Archive for October, 2009

Promoting yourself to direct clients

October 23, 2009

“I’d like to look for direct clients but I can see how
sending a CV wouldn’t be appropriate. What kind of
“promotional material” should I send? In what format? How
should I follow up on it?”

There’s no reason not to send a CV, provided you feel the client will understand it. Agencies will know what the letters after your name mean, direct clients might not; on the other hand ex-employers may be recognisable names to direct clients. I wouldn’t name clients without their permission.

The answer, as so often, is “it depends” – depends on the type of customer and how you want to come across. If you are dealing with small manufacturing businesses you have identified as exporters, the kind of postcard or flyer you get through the door from small tradesmen may work. When accountants or solicitors promote themselves, on the other hand, they often write fairly long letters, so you can do the same thing with them – the “must” I think is heavy, expensive notepaper so that you look like a serious professional.

In other words, use whatever you think will make your target client feel you are “their kind of people”: some people like to read the details, others are happy just to register the basic facts.

I would recommend a high-end language style, though, including with smaller businesses. But if you have, say, 20 small businesses to contact it might be a good idea to test what works best, and send a flashy “Are you in despair talking to foreign customers? Don’t know where to turn? I am the solution to all your problems” to ten of them and a more “professional” “I have X to offer and wondered if you ever had need of such services; I have been working successfully in field Y for Z years” communication to the other ten.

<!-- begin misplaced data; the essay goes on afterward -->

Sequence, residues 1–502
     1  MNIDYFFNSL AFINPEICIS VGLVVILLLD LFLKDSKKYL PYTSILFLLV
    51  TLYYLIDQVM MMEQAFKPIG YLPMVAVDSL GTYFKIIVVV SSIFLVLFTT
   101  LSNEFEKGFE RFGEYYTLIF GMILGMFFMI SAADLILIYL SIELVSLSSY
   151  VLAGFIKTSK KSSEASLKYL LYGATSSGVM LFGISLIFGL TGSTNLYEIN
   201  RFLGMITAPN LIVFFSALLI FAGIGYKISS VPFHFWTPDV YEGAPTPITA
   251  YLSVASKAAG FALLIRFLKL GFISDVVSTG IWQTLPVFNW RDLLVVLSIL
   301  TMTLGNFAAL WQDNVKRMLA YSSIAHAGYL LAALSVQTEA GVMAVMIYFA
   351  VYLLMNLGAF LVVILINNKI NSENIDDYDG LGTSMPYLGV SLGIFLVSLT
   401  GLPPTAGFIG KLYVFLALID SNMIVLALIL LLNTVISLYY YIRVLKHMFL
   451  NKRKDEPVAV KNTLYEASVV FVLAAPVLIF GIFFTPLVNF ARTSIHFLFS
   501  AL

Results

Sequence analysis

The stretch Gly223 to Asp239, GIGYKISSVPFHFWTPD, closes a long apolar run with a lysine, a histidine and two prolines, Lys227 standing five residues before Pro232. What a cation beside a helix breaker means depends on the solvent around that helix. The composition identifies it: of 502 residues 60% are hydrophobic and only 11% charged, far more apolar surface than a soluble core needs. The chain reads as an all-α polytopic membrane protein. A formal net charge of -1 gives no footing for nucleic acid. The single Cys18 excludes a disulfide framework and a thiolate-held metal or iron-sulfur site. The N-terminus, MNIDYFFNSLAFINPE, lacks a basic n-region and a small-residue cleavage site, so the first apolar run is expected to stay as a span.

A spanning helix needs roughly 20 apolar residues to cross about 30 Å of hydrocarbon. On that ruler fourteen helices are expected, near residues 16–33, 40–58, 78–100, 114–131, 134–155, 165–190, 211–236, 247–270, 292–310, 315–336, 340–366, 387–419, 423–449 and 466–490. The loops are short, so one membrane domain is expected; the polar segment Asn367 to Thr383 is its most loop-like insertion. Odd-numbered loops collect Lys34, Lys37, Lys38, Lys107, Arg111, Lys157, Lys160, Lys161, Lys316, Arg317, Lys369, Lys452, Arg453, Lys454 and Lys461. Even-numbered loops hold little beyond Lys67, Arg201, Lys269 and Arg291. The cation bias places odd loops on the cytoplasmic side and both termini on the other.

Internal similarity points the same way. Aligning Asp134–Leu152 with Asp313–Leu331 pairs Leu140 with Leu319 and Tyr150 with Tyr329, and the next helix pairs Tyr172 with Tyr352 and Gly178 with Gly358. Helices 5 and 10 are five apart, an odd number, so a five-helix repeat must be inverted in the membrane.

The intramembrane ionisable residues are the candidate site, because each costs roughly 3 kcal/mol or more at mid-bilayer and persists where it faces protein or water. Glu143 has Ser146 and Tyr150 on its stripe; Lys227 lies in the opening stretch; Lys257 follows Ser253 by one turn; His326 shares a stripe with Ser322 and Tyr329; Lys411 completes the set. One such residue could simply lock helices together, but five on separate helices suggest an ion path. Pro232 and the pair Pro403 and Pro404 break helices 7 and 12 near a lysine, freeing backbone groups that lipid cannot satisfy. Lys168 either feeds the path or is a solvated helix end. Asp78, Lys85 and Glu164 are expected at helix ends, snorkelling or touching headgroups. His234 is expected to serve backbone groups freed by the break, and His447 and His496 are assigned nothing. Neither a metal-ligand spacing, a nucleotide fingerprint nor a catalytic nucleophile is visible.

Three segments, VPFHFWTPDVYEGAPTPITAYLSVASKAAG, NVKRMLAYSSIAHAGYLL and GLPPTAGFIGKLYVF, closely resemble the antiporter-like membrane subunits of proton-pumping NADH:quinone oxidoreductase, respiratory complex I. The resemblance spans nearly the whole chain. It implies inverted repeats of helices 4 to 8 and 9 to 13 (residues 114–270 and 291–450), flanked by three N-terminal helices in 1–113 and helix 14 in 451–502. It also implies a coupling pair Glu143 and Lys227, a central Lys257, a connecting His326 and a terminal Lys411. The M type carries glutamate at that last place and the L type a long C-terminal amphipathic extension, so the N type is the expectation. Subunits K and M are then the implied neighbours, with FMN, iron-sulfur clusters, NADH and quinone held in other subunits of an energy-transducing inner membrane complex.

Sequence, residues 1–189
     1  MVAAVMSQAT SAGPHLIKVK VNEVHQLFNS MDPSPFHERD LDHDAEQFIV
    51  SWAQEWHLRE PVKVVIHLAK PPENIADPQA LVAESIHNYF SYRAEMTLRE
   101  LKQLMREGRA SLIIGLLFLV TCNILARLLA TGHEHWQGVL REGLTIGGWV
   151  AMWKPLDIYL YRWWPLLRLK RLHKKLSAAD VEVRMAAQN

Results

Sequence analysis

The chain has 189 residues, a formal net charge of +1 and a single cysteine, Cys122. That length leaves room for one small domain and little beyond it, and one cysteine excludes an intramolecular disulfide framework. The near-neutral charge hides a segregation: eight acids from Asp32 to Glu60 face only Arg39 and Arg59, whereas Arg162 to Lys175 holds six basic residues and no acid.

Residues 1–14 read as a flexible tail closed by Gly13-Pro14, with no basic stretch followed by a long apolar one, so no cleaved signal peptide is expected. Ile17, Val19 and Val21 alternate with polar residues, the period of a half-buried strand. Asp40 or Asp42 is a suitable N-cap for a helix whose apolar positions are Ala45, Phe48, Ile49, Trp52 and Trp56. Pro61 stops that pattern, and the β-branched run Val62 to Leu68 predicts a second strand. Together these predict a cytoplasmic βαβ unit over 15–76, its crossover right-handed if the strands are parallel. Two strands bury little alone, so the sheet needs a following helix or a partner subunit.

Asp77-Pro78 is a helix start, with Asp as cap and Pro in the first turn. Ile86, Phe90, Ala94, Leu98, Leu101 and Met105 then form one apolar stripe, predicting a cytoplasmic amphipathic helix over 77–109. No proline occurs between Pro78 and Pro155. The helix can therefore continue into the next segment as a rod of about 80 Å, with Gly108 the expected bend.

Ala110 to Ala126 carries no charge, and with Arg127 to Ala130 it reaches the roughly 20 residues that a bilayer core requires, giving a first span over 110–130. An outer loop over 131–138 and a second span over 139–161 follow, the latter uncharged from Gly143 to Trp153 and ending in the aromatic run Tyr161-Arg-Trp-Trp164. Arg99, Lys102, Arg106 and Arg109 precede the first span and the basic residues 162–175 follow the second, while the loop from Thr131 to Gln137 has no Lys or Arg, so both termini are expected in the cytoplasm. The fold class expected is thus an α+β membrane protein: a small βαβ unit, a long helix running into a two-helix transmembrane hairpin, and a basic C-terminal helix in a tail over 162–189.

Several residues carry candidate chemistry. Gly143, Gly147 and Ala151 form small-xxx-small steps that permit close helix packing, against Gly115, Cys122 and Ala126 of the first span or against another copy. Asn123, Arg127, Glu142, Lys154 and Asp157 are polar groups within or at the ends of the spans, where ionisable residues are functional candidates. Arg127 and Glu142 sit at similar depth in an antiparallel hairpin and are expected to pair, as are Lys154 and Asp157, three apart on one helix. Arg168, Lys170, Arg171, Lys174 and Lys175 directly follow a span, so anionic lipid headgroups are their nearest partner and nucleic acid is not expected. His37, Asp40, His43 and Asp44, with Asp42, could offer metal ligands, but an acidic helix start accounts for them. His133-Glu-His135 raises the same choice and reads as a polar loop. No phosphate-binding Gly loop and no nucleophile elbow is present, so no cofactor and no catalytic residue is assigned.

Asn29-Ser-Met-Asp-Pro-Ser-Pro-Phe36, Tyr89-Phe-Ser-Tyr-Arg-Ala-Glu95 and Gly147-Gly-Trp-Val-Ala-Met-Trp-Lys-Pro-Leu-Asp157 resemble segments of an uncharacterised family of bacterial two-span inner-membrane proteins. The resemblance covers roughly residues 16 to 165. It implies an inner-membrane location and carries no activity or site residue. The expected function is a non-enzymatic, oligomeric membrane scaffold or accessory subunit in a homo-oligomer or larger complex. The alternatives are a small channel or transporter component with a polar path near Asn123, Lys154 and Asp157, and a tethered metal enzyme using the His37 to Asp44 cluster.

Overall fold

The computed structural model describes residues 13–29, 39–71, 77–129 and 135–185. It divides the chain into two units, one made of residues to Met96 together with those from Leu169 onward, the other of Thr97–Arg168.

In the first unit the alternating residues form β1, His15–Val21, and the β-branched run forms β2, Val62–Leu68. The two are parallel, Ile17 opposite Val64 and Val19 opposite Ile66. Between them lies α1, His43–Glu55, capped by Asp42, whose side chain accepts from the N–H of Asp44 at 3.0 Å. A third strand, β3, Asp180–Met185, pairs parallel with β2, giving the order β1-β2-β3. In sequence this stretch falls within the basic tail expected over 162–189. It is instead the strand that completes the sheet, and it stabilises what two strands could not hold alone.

A properly produced leaflet is also possible, and not that expensive these days.

How about a simple letter or email with a reference to your website?

Last 2 questions

October 16, 2009

Two questions remained about direct clients:

What prices could I realistically charge?

What are the other benefits?

As to the first, it should probably be dealt with in detail at the meeting in Edinburgh, but my rule of thumb is this: if I reckon my rate to agencies is about standard, then I would double that rate and deduct a bit (according to gut feel) for direct clients. Rationale: you are delivering most of what an agency does, but not quite all because you are not a one-stop shop, the agency may (should) proof read your work normally etc. etc. An agency that is doing all the typesetting and layout will charge a lot more than double for the end product, I should think.

Other benefits – everyone will have his or her own list. However, you have more likelihood of being able to ask questions properly and get real feedback and discussion, which means you know more, feel more competent and probably contribute more to the client as well as getting more back. It depends on whether you are working for a smallish business and are their non-resident expert, or whether you are one of several freelancers working with their translation department, of course.
It’s the same old story: the benefits are basically the same as with a good translation company, I suppose, but maybe the ratio of good ‘uns to bad ‘uns is higher with the direct clients? Discuss!